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Bakerloo (previously The Bakerloo Blues Line) was an English heavy blues-rock trio, established by Staffordshire guitarist David "Clem" Clempson, Terry Poole and others in the late 1960s, at the high point of the influence of The Jimi Hendrix Experience and Cream. Although the group was prominent only for around a year (1968-9) and released only one album it played an important part in the history of the genre, especially in view of its members' subsequent involvement with Colosseum, Humble Pie, May Blitz, Graham Bond, Vinegar Joe, Judas Priest and Uriah Heep.
The Bakerloo Blues Line was formed in February 1968 by David "Clem" Clempson and Terry Poole, who worked with several drummers, including John "Poli" Palmer and John Hinch, before settling with Keith Baker. Under the management of Jim Simpson, they began performing regularly at Henry's in Birmingham and joined Simpson's U.K. 'Big Bear Ffolly' tour with Earth (the future Black Sabbath), Locomotive and Tea And Symphony. The group appeared as the support act for Led Zeppelin's debut at London's famed Marquee Club on 18 October 1968.
After simplifying the name to "Bakerloo" the group signed to Harvest Records in mid-1969.
Their first release was a single, "Drivin' Bachwards"/"Once Upon a Time" (HAR 5004) that July. The A-side is an arrangement of the J.S. Bach tune Bourrée in E minor. This record appeared just prior to the release of a similar song, Bourrée, by Jethro Tull, on their second album Stand Up in August 1969. The single A-side also appeared on their self-titled album in December.
The album Bakerloo (Harvest SHVL 762) was further promoted by the inclusion of "This Worried Feeling," a slow blues number, on the 1970 Harvest double sampler album Picnic - A Breath of Fresh Air and by sessions for the BBC. The album was produced by Gus Dudgeon. Notable tracks included Last Blues,a heavy rocker, and the album's closer, Son of Moonshine, a driving metal blues. Other tracks contained "progressive" classical and jazz elements.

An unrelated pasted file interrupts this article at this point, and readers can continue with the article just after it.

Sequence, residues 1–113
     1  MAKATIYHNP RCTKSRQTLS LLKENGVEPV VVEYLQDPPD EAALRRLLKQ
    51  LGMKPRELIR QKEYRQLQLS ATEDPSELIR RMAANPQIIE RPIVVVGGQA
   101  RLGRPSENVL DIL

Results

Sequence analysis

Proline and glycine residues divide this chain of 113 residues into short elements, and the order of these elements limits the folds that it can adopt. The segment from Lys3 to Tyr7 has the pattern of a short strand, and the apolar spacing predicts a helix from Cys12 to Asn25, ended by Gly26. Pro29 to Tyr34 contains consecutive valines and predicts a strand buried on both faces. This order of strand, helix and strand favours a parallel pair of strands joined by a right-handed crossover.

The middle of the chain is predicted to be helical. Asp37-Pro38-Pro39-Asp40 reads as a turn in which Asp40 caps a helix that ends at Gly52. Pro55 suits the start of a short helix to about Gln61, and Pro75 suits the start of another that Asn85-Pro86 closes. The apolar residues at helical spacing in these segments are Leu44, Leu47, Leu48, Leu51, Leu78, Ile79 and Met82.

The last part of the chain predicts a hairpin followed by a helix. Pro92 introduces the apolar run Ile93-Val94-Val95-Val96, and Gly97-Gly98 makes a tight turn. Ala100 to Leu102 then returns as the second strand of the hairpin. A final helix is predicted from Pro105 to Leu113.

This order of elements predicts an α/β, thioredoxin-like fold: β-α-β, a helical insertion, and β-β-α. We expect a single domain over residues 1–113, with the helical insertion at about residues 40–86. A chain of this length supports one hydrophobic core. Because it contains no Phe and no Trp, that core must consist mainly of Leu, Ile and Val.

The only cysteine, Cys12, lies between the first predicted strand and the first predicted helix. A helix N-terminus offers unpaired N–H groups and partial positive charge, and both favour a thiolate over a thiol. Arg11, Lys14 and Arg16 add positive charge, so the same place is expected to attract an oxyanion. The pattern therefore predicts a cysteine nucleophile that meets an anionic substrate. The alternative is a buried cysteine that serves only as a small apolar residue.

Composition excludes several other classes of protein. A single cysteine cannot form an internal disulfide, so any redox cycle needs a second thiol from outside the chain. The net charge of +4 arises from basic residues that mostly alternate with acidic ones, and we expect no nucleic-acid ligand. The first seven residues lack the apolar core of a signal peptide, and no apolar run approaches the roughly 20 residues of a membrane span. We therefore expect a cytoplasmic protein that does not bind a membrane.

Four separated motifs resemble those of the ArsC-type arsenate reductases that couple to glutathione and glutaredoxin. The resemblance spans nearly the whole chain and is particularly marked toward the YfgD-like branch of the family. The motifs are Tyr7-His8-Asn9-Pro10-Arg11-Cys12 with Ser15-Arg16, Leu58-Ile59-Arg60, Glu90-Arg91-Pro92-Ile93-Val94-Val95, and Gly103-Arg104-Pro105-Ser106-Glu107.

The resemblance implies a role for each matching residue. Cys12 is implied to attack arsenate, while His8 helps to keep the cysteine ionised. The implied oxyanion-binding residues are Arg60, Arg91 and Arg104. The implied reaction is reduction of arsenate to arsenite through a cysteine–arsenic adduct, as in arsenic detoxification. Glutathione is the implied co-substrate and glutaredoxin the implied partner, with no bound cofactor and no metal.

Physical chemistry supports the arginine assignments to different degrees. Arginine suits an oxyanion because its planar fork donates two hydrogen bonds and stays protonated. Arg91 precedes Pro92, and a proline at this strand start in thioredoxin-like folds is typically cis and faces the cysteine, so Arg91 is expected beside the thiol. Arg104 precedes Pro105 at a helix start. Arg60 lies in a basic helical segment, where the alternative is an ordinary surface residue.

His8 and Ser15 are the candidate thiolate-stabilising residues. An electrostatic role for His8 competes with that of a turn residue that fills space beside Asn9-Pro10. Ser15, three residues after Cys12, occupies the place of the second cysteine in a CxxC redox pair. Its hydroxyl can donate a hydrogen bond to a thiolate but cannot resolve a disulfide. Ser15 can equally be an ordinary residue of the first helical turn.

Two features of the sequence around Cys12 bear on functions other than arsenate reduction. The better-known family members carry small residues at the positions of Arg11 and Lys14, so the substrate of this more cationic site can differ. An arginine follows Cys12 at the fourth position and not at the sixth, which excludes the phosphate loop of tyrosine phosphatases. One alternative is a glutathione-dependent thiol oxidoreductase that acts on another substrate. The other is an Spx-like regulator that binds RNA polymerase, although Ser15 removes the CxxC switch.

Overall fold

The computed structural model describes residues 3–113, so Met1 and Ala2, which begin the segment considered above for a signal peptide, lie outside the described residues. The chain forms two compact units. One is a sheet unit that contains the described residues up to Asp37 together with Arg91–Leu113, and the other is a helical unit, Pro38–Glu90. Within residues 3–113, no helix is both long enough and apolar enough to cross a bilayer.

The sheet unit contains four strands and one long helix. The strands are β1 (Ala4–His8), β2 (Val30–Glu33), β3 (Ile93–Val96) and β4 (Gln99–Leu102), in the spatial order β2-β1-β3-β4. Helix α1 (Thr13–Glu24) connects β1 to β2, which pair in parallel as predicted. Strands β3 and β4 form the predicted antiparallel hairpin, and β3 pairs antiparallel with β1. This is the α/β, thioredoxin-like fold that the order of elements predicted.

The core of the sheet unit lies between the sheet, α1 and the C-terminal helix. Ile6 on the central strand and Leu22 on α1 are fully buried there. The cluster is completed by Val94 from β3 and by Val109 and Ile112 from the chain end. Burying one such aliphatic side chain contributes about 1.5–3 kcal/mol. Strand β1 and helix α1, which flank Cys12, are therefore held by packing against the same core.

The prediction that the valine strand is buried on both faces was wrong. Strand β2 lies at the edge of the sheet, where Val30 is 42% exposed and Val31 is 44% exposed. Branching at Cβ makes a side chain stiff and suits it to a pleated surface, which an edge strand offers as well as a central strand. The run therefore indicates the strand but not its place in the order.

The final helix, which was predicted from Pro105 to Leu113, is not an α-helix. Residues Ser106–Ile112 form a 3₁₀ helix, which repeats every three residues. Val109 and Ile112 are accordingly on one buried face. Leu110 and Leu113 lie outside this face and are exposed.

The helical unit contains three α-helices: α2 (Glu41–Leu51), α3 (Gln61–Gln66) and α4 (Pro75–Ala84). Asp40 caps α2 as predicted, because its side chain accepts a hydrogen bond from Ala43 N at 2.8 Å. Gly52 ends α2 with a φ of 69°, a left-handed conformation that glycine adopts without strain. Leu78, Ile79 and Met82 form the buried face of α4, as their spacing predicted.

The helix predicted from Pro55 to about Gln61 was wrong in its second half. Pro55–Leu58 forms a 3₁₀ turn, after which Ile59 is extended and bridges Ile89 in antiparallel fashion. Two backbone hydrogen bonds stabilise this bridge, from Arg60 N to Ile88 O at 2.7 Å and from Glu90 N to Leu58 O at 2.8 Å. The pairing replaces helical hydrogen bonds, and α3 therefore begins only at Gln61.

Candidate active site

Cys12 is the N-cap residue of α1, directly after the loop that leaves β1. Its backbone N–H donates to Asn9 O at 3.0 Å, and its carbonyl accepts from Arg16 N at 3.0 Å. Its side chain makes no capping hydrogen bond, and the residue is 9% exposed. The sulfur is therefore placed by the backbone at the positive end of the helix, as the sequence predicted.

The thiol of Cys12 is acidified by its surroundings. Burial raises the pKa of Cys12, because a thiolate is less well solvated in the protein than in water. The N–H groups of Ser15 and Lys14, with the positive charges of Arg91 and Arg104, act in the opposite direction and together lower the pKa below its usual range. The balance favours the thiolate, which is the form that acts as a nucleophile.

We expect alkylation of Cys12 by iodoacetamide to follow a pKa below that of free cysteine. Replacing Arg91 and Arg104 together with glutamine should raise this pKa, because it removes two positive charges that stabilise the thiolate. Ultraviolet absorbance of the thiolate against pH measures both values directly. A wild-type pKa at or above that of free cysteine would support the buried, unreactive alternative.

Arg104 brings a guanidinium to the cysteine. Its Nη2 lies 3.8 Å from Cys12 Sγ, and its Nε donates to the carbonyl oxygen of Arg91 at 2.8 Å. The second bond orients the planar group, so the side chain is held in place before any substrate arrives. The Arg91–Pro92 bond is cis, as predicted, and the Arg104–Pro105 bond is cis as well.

While reviews for the debut LP were favorable, the group itself was in disarray at the end of 1969. By the time the record was released, the Clempson-Poole-Baker lineup had decided to go their separate ways. Clempson initially sought to form a new blues-rock power trio, one that reportedly included drummer Cozy Powell, before electing to replace James Litherland as the guitarist in Colosseum. Poole and Baker also moved on, forming May Blitz with Jamie Black on vocals and guitar, although both departed before the band was signed to Vertigo Records.
Poole later played with several other bands, including Graham Bond and Vinegar Joe, while Baker bounced from Supertramp to Uriah Heep. Clempson would continue to achieve greater fame with Colosseum and, in 1971, as Peter Frampton's replacement in Humble Pie.
In the winter of 1969, a new "Bakerloo" (including drummer John O' Reilly, formerly a member of the Koobas, was formed to fulfill a few contractual obligations, but this group eventually signed to another label under another name.
Bakerloo originally formed around 1968 under the moniker 'Bakerloo Blues Line' in the Birmingham area. The line-up then was Dave 'Clem' Clempson on guitar and vocals, Terry Poole on bass and John Hinch on drums. Initially they stuck to a largely blues based set, yet like so many of the innovative acts of the era grew tired of the formula and began to experiment.
They attracted Black Sabbath's future manager Jim Simpson, and attracted a considerable following- enough to win them a slot on John Peel's BBC Radio 1 show 'Top Gear'. However, there was a touch of Spinal Tap syndrome with drummers as Hinch was replaced with a multitude of players until they finally settled on Keith Baker. They also decided to drop the 'Blues Line' and became the shortened Bakerloo, and were put on a package tour called 'Big Bear Ffolly' (which inspired Bakerloo's song of the same name) with other local bands Tea and Symphony, Locomotive (another highly innovative proto prog combo) and Earth, who would of course later evolve into the massively successful Black Sabbath.
They recorded their album prior to getting a record deal under the aegis of legendary, recently deceased producer Gus Dudgeon yet eventually, Simpson secured a deal with the new 'progressive, underground' imprint Harvest Records, which housed the likes of Pink Floyd, Edgar Broughton Band and aforementioned fellow Brummies, Tea and Symphony.